Advertisement

FIRST ON 13: Recovering Albany Airport firefighter discusses sepsis that nearly killed him

April 17, 2019 06:45 PM

It has been two weeks since Josh Woodward returned home after nearly dying when he developed sepsis. The Albany Airport firefighter sat down exclusively with NewsChannel 13's Subrina Dhammi about what life is like now and those first moments when he opened his eyes in the hospital.

Woodward is getting stronger and more independent every day.

Advertisement – Content Continues Below

"My full-time job is just getting back to 100 percent," said Woodward.

Now, he's ready to tell his story about his near death experience and that harrowing time in the hospital when he developed sepsis and was in a coma for 10 days.

We asked him about the first thing he remembers when he woke up.

"I was ready to go. I was like, ‘Alright, I'm awake. I guess I can go home now.' So I kept trying to get out of the bed and the nurses were getting frustrated at me. They were like, ‘No, Josh' - and they'd take my feet and put them back in the hospital bed.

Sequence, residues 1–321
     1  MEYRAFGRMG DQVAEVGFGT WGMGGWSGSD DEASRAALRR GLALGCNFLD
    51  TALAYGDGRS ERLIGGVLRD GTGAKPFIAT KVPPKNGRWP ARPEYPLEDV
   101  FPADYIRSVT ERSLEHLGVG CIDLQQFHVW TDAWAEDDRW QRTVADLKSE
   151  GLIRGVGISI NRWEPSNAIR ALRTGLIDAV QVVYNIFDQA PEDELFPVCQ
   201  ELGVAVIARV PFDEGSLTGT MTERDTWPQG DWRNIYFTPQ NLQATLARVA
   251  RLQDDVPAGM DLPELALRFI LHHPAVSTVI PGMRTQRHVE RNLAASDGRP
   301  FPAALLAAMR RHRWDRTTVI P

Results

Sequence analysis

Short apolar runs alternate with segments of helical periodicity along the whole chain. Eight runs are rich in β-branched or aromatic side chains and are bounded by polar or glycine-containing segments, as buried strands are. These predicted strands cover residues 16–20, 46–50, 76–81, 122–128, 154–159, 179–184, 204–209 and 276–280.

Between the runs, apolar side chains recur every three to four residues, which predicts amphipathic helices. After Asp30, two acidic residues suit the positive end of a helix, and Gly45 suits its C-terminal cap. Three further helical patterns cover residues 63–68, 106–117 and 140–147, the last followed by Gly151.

For several more weeks, Woodward went on a roller coaster ride of more treatments and operations. His journey followed so closely by tens of thousands of strangers, through his wife Chelsea's Facebook posts.

We asked if there was ever a point where he questioned if he was going to make it.

"I don't think I questioned whether or not I was going to make it. I think I just got real discouraged, because I was like how long is this going to last," he replied.

When he hit his lowest points, he held on to his faith and to his two young children, Holland and Jax.

Now home, his wounds where his toes and right hand were amputated are still healing - and Woodward is now on the move, preparing snacks for his kids and even folding laundry - with one hand.

His plans for the future?

"I want to get back to just the way life was. I've been told I'll be able to walk again and run again -- which is great, because I used to love to run," he said.

He wants to start a foundation called "Woodward Strong" for first responders who have gone through major battles with their health - drawing strength to help them from his own survival.

Watch more of Subrina's interview with Woodward on Thursday morning at 6 a.m.

Hear what he has to say about his wife, Chelsea, as well as how his 3-year-old daughter describes what happened to her dad.

Credits

Subrina Dhammi

Copyright 2019 WNYT-TV LLC, a Hubbard Broadcasting Company. All rights reserved

Advertisement
Relay Media Amp
Advertisement
Advertisement
Violence in Albany

Cooking Chicken Contadina with Jill & Greg

Trump drops plan to host G-7 at Doral

Woman dies after being hit by vehicle in Schodack

Hope Ale named and brewed to honor breast cancer fighters, survivors and victims

Advertisement